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Materials design for the anisotropic linear elastic properties of textured cubic crystal aggregates using zeroth-, first- and second-order bounds


For polycrystals made of cubic materials like copper, aluminum, iron and other metals and ceramics, the macroscopic elastic behavior can be bounded using minimum energy principles. Böhlke and Lobos (Acta Mater. 67:324–334, 2014) have shown that not only the Voigt and the Reuss bound but also the Hashin–Shtrikman bounds can be represented explicitly depending on the texture in form of the fourth-order texture coefficient. Considering the inequalities due to these bounds, the texture can be enclosed independently of the specific cubic material parameters. This implies domains for the texture parameters. Materials design is defined as the identification of materials and microstructures such that the effective constitutive properties correspond best to a prescribed properties profile. The design space is proposed to be constituted by the material design space and microstructure design space, delivering a total of twelve scalar design variables in the present model for linear elasticity of cubic crystal aggregates. Based on analytical results, materials design is established as an algorithm following Adams et al. (Microstructure Sensitive Design for Performance Optimization, 2013). In the present work, the scheme consists of four steps: (i) material selection, (ii) homogenization scheme, (iii) properties closure, and (iv) microstructure optimization. As an example, Young’s modulus of a polycrystal is designed with respect to four prescribed directions for a macroscopical orthotropic sample symmetry. For the orthotropic texture domain, a mathematically equivalent parametrization is derived in order to facilitate the constrained numerical optimizations.

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Correspondence to Thomas Böhlke.



Proof of the equivalent parametrization of the orthotropic texture domain

The following proof is based on the geometric properties of the constraint regions (26). The regions are represented in Fig. 2. The resulting texture domain described by the inequalities in (24), reducible to (27), is equivalent to the resulting texture domain described by (28).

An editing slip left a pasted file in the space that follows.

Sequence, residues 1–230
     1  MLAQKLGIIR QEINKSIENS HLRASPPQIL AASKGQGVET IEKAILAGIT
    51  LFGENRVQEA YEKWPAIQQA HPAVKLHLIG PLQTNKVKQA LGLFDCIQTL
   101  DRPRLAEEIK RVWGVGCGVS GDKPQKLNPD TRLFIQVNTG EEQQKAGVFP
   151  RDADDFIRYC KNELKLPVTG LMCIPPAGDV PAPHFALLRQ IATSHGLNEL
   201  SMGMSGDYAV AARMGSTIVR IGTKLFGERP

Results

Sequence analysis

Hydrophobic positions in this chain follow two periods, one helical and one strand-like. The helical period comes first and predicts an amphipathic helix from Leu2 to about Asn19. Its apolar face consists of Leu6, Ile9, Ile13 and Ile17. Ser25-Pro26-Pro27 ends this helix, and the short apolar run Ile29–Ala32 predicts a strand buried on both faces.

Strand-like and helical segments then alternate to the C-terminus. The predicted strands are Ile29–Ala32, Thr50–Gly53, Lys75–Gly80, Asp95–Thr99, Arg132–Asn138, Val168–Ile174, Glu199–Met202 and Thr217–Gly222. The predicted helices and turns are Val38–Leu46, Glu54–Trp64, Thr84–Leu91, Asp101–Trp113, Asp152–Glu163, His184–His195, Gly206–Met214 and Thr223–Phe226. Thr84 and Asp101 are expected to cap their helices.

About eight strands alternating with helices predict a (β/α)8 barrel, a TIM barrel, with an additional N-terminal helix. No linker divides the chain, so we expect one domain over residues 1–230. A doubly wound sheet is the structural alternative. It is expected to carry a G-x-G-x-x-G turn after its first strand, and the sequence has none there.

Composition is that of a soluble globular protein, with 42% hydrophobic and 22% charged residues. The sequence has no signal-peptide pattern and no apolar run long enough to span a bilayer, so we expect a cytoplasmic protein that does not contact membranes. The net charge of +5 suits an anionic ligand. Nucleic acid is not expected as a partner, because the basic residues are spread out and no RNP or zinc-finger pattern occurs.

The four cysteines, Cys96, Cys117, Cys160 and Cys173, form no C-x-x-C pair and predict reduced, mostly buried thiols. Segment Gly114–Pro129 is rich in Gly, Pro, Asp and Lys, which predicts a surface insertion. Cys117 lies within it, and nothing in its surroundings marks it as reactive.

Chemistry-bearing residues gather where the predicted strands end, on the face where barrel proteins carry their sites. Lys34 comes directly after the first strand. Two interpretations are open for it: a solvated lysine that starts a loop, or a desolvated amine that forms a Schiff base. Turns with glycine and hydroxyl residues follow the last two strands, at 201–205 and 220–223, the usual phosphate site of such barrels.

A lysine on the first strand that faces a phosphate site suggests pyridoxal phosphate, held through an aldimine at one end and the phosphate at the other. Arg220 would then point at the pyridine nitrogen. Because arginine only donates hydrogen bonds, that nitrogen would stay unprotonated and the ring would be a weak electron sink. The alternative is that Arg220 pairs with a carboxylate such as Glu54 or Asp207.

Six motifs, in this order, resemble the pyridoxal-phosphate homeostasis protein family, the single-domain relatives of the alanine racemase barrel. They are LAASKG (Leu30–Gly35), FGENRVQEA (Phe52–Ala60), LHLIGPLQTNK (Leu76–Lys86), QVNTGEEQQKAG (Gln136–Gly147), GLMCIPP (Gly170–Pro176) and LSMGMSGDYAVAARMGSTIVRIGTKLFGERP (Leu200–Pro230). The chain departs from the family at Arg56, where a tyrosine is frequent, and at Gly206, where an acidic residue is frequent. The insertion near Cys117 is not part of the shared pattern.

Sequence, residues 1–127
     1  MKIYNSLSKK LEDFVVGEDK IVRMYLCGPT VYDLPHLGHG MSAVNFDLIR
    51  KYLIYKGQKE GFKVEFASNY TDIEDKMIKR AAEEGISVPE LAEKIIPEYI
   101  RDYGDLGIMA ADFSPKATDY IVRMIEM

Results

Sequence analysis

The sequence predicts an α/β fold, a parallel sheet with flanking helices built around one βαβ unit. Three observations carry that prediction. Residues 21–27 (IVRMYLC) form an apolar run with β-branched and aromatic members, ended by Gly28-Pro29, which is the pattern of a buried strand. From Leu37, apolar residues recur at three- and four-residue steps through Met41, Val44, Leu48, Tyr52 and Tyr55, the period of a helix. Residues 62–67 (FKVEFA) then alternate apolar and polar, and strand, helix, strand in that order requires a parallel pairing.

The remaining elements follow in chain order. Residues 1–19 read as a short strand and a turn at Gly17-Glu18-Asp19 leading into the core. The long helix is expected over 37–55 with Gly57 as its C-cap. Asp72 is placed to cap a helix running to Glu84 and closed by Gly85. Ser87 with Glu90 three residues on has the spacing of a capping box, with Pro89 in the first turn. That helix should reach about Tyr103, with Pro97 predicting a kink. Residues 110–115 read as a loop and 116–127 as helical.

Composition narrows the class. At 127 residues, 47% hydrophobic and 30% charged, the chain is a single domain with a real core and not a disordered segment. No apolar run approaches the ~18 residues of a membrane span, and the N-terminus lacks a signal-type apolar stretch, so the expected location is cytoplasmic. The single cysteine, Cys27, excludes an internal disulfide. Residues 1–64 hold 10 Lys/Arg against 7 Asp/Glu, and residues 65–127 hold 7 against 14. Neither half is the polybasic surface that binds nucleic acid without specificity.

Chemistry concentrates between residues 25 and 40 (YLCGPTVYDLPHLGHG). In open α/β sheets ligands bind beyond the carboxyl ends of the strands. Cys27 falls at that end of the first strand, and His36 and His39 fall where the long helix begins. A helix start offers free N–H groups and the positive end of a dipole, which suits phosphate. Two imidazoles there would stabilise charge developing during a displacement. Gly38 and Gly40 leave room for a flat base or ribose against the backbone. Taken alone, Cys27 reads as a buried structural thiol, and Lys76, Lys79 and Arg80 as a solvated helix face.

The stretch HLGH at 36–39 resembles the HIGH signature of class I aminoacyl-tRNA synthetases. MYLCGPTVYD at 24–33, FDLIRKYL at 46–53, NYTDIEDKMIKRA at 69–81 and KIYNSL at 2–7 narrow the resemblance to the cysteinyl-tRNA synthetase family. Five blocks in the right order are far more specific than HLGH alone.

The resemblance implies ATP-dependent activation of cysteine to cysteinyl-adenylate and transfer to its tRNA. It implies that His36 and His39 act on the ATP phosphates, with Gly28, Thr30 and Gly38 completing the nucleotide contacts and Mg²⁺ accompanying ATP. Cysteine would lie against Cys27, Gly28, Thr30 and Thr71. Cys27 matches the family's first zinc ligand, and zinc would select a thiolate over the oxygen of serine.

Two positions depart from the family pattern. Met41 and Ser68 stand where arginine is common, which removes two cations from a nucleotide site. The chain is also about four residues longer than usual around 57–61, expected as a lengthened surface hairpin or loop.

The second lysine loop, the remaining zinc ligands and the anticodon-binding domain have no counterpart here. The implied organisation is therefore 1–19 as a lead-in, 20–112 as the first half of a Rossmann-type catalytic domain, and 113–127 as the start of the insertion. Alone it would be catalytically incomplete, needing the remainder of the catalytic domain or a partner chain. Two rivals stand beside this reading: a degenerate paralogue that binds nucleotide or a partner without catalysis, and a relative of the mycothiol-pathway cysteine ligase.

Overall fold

In order to facilitate the visibility of the different regions \(R_{1..6}\) the following affine transformation is used

$$ \left[\begin{array}{l} V_1 \\ V_2 \\V_3 \end{array}\right] = \frac{1}{3}\sqrt{\frac{2}{15}} \left[\begin{array}{l} 1 \\ 1 \\ 1 \end{array}\right] + \sqrt{\frac{5}{6}} \left[\begin{array}{lll} -1/3&1/\sqrt{3}&-1/3 \\ -1/3&-1/\sqrt{3}&-1/3 \\ 2/3&0&-1/3 \end{array}\right] \left[\begin{array}{l} W_1 \\ W_2 \\ W_3 \end{array}\right]. $$

The transformed regions are denoted by \(R'_{1..6}\)

$$\begin{aligned}&R'_1: \sqrt{3}(W_1 - \sqrt{3}W_2 + W_3) \le \sqrt{3} \nonumber \\&\quad \quad \wedge \sqrt{3}(W_1 + \sqrt{3}W_2 + W_3) \le \sqrt{3} \ \wedge -2 W_1 + W_3 \le 1 \ , \nonumber \\&R'_2: 6 W_2 \le \sqrt{3} (2 W_1 + 2 W_3+1) \nonumber \\&\quad \quad \wedge 2 \sqrt{3} W_1+6 W_2+\sqrt{3} (2 W_3+1)\ge 0 \ \wedge 4 W_1 \le 2 W_3+1 \ , \nonumber \\&R'_3: \sqrt{W_1^2+W_2^2} \le W_3 \ , \ R'_4: \sqrt{W_1^2+W_2^2} \ge W_3 - 1 \ , \nonumber \\&R'_5: \sqrt{W_1^2+W_2^2} \ge -W_3 \ , \ R'_6: \sqrt{W_1^2+W_2^2} \le -W_3 + 1 \ , \end{aligned}$$

with \(R'_i\) corresponding to \(R_i\). The pyramid corners \(R'_1\) and \(R'_2\) are the transformed cuboid corners \(R_1\) and \(R_2\). \(R'_3\) makes visible that \(R_3\) is only the affine transformation of a cone. \(R'_4\) and \(R'_5\) are the outside regions of the cones \(\sqrt{W_1^2+W_2^2} \le W_3 - 1\) starting at \(W_3=1\) in positive \(W_3\) direction and \(\sqrt{W_1^2+W_2^2} \le -W_3\) starting at \(W_3=0\) in negative \(W_3\) direction, respectively. The last region \(R'_6\) represents a cone starting at \(W_3=1\) (as the pyramid corner \(R'_1\)) in negative \(W_3\) direction. The original and the affine transformed orthotropic texture domains are illustrated in Fig. 7.

Fig. 7

Original and affine transformed orthotropic texture domain

Having this geometrical interpretation of the different regions, it can be trivially shown using elementary geometry that the regions \(R'_2\), \(R'_4\), \(R'_5\) and \(R'_6\) (compare with Fig. 2) are unnecessary for the final intersection of all regions. The final intersection is described by the pyramid corner \(R'_1\) and the cone \(R'_3\), which are the affine transformations of (27).

The inequality

$$\begin{aligned} W_1^2 + W_2^2 \le W_3^2 \end{aligned}$$

is equal to

$$\begin{aligned} \sqrt{W_1^2+W_2^2} \le W_3 \quad \vee \quad \sqrt{W_1^2+W_2^2} \le -W_3 \end{aligned}$$

which is the union of the cones \(R'_3\) and the one in opposite direction. It is therefore trivial that \(R'_3\) can equivalently be described by

$$\begin{aligned} W_1^2 + W_2^2 \le W_3^2 \quad \wedge \quad W_3 \ge 0 \end{aligned}$$

which together with \(R'_1\) is the affine transformation of the alternative parametrization (28). This completes the proof.

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Lobos, M., Böhlke, T. Materials design for the anisotropic linear elastic properties of textured cubic crystal aggregates using zeroth-, first- and second-order bounds. Int J Mech Mater Des 11, 59–78 (2015).

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  • Cubic crystal aggregates
  • Materials design
  • Hashin–Shtrikman bounds
  • Tensorial texture coefficients